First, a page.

Snapshots of Dementia: And So We Begin
Before beginning a Hunt, it is wise to ask someone what you are looking for before you begin looking for it. —Winnie the Pooh
“By the time they’re diagnosed, most people with dementia are already mid-stage in their disease just because the diagnosis process is so long,” the facilitator told our class of dementia caregivers. “I would say on average, most people take three and a half years to get diagnosed.”
No one else looked surprised by this information; they’d no doubt heard it before. But it shocked and energized me.
By the time of this class (January 2020), I knew my husband suffered from a dementia called frontotemporal degeneration (FTD). I knew FTD is considered a rare dementia (only 10-20% of people with dementia have FTD), is typically an early-onset disease and is often misdiagnosed. I knew that in our case, I’d suspected a problem for more than five years and had actively pursued a diagnosis for more than three. I knew that during that pursuit, my husband had lost three jobs in a row and given away more than $25,000 to online scammers while two neurologists and a neuropsychologist were still telling me he had no significant cognitive issues.
But really? The average length of time for a dementia diagnosis is three and a half years? Even for someone without a rare type?
Some of the other dementia statistics stagger me too. Across the globe, experts anticipate that dementia rates will double every 20 years, with an estimated 81 million cases by 2040. Accurate diagnosis matters because the treatments for dementia vary with the disease. In the case of FTD, some of the medications used to treat other disorders can even cause harm.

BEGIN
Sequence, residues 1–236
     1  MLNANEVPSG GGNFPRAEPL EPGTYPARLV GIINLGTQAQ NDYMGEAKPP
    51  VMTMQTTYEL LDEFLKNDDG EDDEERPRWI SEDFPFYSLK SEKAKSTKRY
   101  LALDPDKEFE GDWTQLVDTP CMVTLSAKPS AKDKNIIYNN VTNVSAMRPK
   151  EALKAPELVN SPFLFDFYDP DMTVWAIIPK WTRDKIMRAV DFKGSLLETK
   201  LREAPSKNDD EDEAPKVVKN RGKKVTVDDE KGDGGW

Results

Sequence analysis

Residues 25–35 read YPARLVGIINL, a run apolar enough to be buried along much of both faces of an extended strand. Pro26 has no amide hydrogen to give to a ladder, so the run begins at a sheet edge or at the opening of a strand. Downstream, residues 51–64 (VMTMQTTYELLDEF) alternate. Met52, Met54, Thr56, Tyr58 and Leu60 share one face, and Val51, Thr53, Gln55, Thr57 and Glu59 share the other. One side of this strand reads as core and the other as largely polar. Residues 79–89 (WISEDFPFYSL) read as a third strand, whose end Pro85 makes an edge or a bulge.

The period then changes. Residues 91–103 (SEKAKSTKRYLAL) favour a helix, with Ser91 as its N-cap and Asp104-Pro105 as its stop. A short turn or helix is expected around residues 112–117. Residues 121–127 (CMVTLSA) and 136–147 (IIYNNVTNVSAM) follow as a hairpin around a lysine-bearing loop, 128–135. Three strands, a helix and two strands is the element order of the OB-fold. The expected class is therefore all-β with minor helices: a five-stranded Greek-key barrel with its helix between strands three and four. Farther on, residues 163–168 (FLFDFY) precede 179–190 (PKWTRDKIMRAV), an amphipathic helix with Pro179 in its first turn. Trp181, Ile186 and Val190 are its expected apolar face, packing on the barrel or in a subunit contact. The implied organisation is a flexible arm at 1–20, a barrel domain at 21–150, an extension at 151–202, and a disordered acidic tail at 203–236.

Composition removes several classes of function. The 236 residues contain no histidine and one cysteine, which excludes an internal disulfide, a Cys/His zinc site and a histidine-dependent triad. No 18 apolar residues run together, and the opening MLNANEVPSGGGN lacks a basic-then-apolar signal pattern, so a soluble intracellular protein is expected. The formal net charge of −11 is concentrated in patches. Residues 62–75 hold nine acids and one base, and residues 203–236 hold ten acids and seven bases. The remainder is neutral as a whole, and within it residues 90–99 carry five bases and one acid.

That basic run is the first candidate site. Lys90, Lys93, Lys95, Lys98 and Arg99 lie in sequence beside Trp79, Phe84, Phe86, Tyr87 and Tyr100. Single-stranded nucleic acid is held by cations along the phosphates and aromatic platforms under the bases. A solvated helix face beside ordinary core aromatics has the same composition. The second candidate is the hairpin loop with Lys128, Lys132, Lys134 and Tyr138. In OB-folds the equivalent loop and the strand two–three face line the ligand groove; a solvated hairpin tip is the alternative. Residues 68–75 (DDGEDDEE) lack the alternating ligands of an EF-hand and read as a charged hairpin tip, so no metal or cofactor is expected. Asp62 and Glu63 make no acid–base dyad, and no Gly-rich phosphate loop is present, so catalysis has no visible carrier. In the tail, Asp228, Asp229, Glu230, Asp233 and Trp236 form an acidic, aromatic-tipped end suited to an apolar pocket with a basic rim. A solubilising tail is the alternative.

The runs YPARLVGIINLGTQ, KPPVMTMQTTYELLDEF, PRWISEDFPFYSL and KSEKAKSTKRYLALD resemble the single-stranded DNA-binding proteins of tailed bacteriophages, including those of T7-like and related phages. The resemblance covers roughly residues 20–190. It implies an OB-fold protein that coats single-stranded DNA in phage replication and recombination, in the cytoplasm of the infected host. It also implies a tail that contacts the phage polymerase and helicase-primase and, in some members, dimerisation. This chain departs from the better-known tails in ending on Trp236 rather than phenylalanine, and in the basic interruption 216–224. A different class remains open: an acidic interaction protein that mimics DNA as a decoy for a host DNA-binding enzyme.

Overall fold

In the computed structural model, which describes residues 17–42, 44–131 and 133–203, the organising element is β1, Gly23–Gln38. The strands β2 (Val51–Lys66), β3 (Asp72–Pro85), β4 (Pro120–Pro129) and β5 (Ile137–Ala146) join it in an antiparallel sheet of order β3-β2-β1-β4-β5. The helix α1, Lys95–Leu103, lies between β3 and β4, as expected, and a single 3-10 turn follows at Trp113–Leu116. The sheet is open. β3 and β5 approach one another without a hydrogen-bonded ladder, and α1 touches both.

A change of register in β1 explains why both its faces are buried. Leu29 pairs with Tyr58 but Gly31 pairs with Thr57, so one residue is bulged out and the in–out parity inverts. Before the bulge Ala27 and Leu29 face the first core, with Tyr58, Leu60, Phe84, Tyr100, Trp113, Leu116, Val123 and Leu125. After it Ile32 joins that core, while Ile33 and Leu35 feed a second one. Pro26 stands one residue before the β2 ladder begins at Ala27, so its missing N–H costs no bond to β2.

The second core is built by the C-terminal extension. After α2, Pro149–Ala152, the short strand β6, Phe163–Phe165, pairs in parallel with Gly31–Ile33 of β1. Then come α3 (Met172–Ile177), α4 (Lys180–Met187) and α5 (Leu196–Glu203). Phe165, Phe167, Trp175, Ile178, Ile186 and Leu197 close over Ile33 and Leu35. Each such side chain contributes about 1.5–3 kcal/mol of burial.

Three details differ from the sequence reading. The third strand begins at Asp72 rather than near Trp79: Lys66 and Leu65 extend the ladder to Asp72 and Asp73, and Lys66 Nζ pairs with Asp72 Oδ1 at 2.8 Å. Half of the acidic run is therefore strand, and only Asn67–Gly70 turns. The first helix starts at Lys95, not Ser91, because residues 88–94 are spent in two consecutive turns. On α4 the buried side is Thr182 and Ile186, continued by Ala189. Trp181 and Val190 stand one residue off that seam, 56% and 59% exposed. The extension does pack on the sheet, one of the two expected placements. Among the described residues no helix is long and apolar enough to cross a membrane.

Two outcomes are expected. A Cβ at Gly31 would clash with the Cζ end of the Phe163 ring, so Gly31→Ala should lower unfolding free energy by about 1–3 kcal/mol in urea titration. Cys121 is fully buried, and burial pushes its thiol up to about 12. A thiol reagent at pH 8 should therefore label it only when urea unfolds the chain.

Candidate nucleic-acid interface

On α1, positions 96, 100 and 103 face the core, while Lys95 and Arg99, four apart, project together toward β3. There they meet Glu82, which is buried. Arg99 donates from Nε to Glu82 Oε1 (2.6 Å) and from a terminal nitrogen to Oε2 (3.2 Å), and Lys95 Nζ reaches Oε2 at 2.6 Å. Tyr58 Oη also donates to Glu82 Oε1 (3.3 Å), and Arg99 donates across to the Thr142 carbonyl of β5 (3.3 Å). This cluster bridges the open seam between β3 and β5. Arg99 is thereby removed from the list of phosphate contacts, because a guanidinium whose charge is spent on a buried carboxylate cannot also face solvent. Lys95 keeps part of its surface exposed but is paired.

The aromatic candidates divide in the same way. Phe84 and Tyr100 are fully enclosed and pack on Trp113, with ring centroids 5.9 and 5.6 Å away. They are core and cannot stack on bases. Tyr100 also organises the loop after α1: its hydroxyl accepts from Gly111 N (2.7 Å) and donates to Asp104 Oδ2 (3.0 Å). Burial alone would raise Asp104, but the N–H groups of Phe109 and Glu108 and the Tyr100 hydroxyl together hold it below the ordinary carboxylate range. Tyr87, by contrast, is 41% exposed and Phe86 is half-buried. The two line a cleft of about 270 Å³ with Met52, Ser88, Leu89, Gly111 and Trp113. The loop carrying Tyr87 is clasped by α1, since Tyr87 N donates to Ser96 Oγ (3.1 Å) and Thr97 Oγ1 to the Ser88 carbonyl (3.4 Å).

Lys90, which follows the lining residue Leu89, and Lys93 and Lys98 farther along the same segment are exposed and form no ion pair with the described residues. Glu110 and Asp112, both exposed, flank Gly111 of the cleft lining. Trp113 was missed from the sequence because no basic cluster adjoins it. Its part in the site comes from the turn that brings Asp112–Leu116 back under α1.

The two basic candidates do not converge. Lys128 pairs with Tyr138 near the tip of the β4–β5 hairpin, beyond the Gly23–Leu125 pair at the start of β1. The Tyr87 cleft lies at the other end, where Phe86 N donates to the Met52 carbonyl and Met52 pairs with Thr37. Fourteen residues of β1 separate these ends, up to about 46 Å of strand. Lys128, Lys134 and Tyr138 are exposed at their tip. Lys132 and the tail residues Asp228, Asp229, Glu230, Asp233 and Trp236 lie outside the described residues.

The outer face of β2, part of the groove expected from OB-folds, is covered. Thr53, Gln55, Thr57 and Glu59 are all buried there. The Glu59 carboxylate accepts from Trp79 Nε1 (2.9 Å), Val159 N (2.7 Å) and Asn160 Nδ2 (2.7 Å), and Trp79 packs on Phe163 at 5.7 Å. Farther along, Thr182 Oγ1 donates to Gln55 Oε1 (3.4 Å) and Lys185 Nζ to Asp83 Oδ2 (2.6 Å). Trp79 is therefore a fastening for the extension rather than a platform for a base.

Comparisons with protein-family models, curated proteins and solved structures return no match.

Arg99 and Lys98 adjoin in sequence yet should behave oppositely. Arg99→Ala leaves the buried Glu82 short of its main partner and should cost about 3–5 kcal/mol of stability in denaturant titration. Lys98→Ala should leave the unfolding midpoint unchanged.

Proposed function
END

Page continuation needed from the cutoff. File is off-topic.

Accurate diagnosis also matters because of pain. I don’t refer primarily to physical pain but to the mental, emotional, financial, and spiritual anguish that touches so many families as dementia rakes its ugly claw across their lives.
And so I write. For my husband, who remains largely unaware of the depth of his cognitive issues. For my children, who face the pain of watching their once-vibrant father fade. For other dementia families whose lives have been tragically and permanently disrupted. For my fellow caregivers, who need to know more than I did when we began this journey down a path we did not choose. And for all those who need to see how this set of diseases leaves its ugly imprint on the lives of individuals created in the image of God.
Although I’ll try to provide helpful links, I’m not a doctor or researcher, so please don’t look to this blog for medical advice or counsel. What I hope to share here are small glimpses, snapshots as it were, of dementia as experienced by our family. As time goes on, I may include others’ stories as well. Because I’m a caregiver and sole provider for my husband and me, my posts may not come as regularly as I’d like.
But for now, this blog is something. And something, as I have learned, is always more than nothing. I hope to share more soon.
Do you have a family member with dementia? How long did it take to obtain a diagnosis? Feel free to leave a comment or a prayer request. Your story matters.